Anti-Trump National Review has forgotten Buckley's rule
William F. Buckley, Jr., in refereeing the internecine political fights within his beloved National Review magazine, laid down a rule, suggested by senior editor James Burnham, that N.R. would support the most rightward viable or electable candidate in presidential elections. In 2016 and 2020, under the editorship of Rich Lowry, N.R. broke Buckley's rule by refusing to support Donald Trump against Hillary Clinton and Joe Biden. And two years ahead of the 2024 presidential election, N.R. has begun to publish its anti-Trump screeds. We can expect that this will grow into a chorus of N.R.'s voices opposing Trump during the next two years, even if he gains the GOP nomination in 2024.
Over the last three days, N.R. has run anti-Trump pieces by Charles Cooke, Philip Klein, and Andrew McCarthy. McCarthy claims that Trump "cannot win the presidency again" because though "popular in a number of places," he is "poison in most others." Klein argues that Trump's candidacy in the 2024 GOP primaries will benefit the party but only if Trump loses to a GOP challenger. Cooke writes that Trump's presence in the GOP primaries will be "disastrous" to the party's chances to win back the presidency because he will "undermine the process itself" and will "spread pernicious lies about the American electoral system."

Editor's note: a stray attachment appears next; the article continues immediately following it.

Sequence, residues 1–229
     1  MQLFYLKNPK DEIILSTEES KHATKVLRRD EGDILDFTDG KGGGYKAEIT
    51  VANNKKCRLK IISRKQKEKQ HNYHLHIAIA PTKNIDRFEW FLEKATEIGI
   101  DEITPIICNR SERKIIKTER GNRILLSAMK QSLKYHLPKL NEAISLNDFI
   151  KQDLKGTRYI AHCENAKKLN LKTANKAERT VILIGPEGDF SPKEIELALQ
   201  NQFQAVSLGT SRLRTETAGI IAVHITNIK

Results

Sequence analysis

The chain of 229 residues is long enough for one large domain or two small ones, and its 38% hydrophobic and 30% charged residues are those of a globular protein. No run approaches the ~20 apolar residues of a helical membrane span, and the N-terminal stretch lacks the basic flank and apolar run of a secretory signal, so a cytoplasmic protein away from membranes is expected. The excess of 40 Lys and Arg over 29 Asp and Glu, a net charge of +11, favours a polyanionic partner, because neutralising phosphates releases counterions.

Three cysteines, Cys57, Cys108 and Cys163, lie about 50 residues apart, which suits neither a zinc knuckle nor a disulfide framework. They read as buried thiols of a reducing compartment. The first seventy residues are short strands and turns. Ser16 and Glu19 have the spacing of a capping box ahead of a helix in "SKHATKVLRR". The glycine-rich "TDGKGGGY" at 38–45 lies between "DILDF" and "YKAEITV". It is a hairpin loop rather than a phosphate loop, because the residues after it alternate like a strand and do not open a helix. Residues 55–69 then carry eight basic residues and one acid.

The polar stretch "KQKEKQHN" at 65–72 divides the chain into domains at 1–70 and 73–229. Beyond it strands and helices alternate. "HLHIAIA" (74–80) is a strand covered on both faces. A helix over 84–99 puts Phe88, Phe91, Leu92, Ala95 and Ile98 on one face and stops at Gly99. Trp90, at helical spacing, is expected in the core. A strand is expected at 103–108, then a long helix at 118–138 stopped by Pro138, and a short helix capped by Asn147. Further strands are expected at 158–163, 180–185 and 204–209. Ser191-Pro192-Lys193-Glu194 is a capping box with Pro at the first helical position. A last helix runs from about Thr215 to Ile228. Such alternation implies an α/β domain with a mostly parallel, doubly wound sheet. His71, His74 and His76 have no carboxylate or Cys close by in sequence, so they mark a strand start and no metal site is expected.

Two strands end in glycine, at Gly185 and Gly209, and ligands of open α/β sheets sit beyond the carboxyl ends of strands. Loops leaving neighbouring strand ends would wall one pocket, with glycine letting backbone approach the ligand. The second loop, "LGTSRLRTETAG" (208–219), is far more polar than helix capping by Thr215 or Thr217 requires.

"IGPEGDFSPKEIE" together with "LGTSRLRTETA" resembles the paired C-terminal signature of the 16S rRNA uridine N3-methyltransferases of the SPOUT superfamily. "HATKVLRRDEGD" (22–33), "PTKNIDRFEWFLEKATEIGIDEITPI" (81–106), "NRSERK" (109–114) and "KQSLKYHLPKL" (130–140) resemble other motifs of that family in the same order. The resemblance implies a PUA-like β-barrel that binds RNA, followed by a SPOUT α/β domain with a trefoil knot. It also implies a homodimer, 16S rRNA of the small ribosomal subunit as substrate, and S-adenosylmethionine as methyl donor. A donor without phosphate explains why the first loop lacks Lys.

In the past, N.R.'s writers jousted with each other over, for example, whether to support Eisenhower for president in 1956; Nixon in 1960; Goldwater, Rockefeller, or Scranton in 1964; Nixon, George Romney, or Reagan in 1968, and on and on through many elections. After the primaries, however, N.R. supported the most rightward viable GOP candidate in the general election against the always more liberal Democratic candidate — until 2016 and 2020 with Donald Trump.
In 1964, establishment Republicans derided N.R.'s support of Goldwater, who lost to Lyndon Johnson in a landslide in the general election. Back then, N.R.'s editors sensed that the Goldwater movement would capture the GOP — which it eventually did when Ronald Reagan was elected president in two landslide elections. In 2016 and 2020, under Lowry's leadership, N.R. returned to the GOP establishment by rejecting the nationalist-populist movement that coalesced around Trump. It did this despite polls that clearly showed that Trump had become the national leader of the GOP and remains the leader of the GOP.
Lowry and his team at N.R. have become increasingly irrelevant to the Republican Party and to the modern American conservative movement. And they have betrayed the legacy of William F. Buckley, Jr.
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